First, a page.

Campus workers

Louis Proyect lnp3 at
Mon Sep 22 07:31:58 MDT 2003

(not online)

Chronicle of Higher Education, September 26, 2003
Going to Harvard for $7.50 an Hour

When I asked Gary Newmark if I could talk to him about his job, his
response was, "You want to know about regular working stiffs? You want
to know what I do? I unloaded from a truck probably every book you ever
read at Harvard. That's what I do." It was my first honest conversation
with a campus service worker.

There is a deliberate aura of wealth and power at Harvard, and it is
tended to by more than a thousand workers. They dust the portraits,
polish the oak panels, and prune the trees. They cook the food and guard
the campus; they work in every room of every building, day and night,
and yet one of their frequent complaints is that the nation's most
perceptive students and scholars simply do not see them.

I was embarrassed when someone had to explain to me that the reason the
lights were on all night in Harvard's buildings was that crews of
custodians were in those buildings, working all night to clean up the
mess of the day before. Then, during my junior year, I read Studs
Terkel's Working, and I was shocked that no teacher had ever assigned me
that book -- or any other workers' histories, for that matter.

Later that year -- 1998 -- I went to a meeting that my childhood friend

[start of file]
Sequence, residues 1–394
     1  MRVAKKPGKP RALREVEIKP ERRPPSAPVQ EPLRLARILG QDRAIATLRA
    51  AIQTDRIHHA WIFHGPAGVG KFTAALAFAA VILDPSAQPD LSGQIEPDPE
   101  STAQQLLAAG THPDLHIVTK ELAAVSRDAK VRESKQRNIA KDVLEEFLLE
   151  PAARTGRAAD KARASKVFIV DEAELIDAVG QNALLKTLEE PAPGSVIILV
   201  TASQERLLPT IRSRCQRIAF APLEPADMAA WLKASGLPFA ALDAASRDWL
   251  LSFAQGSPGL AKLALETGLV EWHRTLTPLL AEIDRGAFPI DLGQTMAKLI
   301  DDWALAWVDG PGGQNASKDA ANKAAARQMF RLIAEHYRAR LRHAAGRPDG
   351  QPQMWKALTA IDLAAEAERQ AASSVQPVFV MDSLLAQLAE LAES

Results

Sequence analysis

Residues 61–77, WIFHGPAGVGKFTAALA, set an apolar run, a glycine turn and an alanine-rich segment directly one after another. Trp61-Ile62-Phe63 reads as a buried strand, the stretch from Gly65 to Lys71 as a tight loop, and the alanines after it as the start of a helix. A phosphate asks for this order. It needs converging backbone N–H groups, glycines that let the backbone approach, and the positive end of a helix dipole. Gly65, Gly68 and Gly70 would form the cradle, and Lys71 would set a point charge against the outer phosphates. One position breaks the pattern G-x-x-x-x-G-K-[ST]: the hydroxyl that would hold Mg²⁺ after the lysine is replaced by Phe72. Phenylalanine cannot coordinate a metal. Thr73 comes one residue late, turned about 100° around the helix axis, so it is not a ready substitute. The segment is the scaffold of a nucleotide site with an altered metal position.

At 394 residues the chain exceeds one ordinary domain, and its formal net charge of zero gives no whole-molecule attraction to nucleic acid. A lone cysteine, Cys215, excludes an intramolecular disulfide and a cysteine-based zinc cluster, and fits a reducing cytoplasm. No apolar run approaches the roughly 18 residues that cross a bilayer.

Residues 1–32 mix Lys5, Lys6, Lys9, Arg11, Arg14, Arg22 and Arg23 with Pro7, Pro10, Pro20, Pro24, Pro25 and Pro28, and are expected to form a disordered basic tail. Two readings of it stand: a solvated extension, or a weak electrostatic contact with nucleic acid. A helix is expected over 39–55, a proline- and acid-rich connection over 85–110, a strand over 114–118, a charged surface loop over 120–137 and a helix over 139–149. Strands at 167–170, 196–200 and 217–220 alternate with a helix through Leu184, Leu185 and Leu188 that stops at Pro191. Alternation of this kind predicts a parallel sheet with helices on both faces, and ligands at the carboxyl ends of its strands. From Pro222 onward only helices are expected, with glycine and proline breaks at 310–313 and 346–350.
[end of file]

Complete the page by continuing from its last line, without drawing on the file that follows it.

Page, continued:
Aaron Bartley had called about starting a living-wage campaign on the
campus. At the meeting, I learned that while Harvard recently had broken
all records for university fund raising -- the endowment had nearly
tripled, from $7-billion to $20-billion between 1994 and 2001 -- the
university had, at the same time, been cutting the wages and benefits of
its lowest-paid employees through outsourcing. Amazed, I presented an
outline of what would become Harvard Works Because We Do, consisting of
interviews with and photographs of campus service workers, to the
history-and-literature program as my proposed senior-thesis topic. It
was rejected, on the grounds that it was not adequately academically
rigorous. The rejection only made me more stubborn. I started the
project anyway, and after graduating I spent the next three years
working on it.

As an undergraduate, I always worked. I inspected bags in a library, I
tended to a research greenhouse, I cleaned dorm rooms and bathrooms, I
shelved books in Widener Library, and, after graduating, I worked as a
carpenter's assistant on the campus. At one point, during my stint as a
carpenter, my supervisor had assigned me the uncommonly monotonous task
of drilling countless tiny holes through a number of metal pieces. After
a few hours of drilling, just before lunchtime, he walked up to me and
gave me a hard look. "Twenty-three years old and sittin' at a drill
press," he said. He shook his head in pity. "When I was your age I owned
my own business."

Perhaps because of my own background, I was never entirely comfortable
at Harvard. On weekend nights, "Harvard men" would walk confidently
around the campus in tuxedos, half-drunk and singing a cappella. For a
while, I tried to join in. I bought a tuxedo and joined the Phoenix, a
wood-paneled, all-male social club. Primarily we drank, played pool, and